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Review: Donkey Kong Country Returns (Wii)

Donkey Kong Country “Returns” via this excellent platformer which pays tribute to classic gaming, yet manages to bring something fresh to our shooter, social-gaming, and MMO-based world of video games today.

Just as the title implies, Donkey Kong Country Returns really is a “return” to DKC. It contains mainly the same type of game mechanics seen in previous installments of DKC. You mostly walk, jump, and roll your way around a side-scrolling level, jump on enemies, collect bananas, find all the KONG letters, and occasionally use vehicles. Even the music is almost entirely from the original DKC 1, only lightly remixed.

There are a few new additional things, such as the ability to blowout fire or plants to reveal items, secret puzzle pieces, and the use of motion controls to command Donkey and Diddy to perform certain actions. Despite these new features, such additions don’t really add much depth to the game, and so DKC Returns is more or less the same package, except of course that it’s a hell of a lot shinier and prettier considering the Wii is a big step up from the SNES/Super Famicom’s capabilities.

As being mostly true to the series, DKC Returns is also very difficult – some of the later stages made me want to pull my hair out. That’s not, however, necessarily a bad thing. I always enjoy a challenge, as long as it’s a reasonable challenge; not like that of I Wanna Be the Guy: The Movie: The Game, which is just absolutely retarded (pardon my political incorrectness). Those new to DKC, especially gamers who weren’t bred on impossibly difficult 80s Famicom/NES games, may find the otherwise soft and cute art design of DKC Returns to be deceiving; this game ain’t no pushover.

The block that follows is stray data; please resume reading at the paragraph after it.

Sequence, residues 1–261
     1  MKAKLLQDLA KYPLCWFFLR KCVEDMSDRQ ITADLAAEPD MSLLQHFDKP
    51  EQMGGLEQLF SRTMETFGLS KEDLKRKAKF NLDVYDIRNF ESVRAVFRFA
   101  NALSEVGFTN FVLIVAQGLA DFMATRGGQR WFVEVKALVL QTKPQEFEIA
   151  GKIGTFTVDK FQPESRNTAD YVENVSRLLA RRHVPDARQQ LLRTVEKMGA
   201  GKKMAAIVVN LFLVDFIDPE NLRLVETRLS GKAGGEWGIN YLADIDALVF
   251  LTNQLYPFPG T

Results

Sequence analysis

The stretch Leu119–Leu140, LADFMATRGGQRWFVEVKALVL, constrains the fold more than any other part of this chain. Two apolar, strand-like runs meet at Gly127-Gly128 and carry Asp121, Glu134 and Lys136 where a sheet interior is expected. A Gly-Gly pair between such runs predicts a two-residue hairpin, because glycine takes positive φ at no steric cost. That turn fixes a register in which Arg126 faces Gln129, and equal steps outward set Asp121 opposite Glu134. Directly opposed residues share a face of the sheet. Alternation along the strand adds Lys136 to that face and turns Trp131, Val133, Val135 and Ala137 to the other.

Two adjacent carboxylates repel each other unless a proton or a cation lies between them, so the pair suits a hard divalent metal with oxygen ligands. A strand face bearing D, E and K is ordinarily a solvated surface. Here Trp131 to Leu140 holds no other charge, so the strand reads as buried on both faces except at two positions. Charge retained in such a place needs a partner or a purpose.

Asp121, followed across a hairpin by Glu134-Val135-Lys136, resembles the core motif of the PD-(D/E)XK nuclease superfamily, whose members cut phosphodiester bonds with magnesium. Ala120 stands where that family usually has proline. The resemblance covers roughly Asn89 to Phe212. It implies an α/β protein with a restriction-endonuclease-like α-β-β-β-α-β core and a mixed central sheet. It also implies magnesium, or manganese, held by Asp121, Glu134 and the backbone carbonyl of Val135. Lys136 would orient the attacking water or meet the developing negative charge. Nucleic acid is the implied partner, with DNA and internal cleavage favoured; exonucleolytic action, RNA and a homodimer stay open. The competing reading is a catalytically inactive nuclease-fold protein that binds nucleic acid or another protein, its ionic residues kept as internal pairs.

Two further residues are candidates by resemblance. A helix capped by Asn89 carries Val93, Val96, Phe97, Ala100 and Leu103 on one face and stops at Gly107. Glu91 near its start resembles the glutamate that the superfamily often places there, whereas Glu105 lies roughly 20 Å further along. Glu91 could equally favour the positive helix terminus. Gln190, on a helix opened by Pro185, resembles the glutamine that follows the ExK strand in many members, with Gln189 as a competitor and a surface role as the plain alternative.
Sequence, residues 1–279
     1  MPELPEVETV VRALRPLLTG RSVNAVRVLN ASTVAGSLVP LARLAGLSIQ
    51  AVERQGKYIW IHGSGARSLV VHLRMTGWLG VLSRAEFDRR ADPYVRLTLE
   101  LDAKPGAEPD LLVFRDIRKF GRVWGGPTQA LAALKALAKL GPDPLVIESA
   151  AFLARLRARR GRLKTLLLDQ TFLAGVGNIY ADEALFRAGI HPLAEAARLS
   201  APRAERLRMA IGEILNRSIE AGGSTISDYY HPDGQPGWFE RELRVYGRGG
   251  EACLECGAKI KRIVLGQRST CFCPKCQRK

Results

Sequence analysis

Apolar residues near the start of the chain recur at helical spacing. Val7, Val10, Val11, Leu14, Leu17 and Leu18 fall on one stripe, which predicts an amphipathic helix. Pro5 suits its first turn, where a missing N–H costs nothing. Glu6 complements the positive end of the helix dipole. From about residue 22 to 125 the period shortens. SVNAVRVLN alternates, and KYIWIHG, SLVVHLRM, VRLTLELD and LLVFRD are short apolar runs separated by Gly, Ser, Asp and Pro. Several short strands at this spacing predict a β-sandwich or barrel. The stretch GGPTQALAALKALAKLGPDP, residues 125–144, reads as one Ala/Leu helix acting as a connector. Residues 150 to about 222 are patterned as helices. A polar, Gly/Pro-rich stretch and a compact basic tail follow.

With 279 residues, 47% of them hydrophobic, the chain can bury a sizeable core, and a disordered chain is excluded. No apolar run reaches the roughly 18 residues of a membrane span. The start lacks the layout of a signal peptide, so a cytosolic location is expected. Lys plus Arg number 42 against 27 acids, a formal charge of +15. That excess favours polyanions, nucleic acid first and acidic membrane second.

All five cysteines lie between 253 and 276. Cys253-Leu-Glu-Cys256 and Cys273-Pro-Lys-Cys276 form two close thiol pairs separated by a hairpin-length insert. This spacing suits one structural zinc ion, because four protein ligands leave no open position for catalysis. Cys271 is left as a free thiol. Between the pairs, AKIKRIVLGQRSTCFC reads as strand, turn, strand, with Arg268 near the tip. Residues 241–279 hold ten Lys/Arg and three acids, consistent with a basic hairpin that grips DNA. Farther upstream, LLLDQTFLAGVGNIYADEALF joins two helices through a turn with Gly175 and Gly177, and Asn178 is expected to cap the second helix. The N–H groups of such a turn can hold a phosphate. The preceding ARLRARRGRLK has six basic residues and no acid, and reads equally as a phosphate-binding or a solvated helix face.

In DKC Returns, a race of strange Tiki-mask creatures barge in on Donkey’s island and hypnotize the island’s many inhabitants. With the animals under mind control, the Tikis order them to steal Donkey’s stash of bananas. And of course, if you steal a monkey’s bananas, you know what you’re going to get – one determined and angry monkey out to get his bananas back, stomping anyone in his way.

In terms of a plot, that’s basically it. But really, who needs a more complicated story? Do you really need to have a reason to stomp around and grab bananas on an island?

Actually, there isn’t just one determined and angry monkey: There are TWO determined and angry monkeys. In DKC Returns, you can play as Donkey Kong or Diddy Kong (if you’re playing as the second player). Playing on single player, you have to play as Donkey, but finding and smashing open DK barrels allow you to work your way around the stages with Diddy.

Donkey and Diddy have practically the same skills, except Diddy has two main advantages over Donkey. He has a peanut gun that can stun certain enemies from a distance, and a jetpack that allows him to hover short distances. Donkey, however, can acquire the latter ability if he grabs Diddy and places him on his back. This can be done whether on one or two-player mode.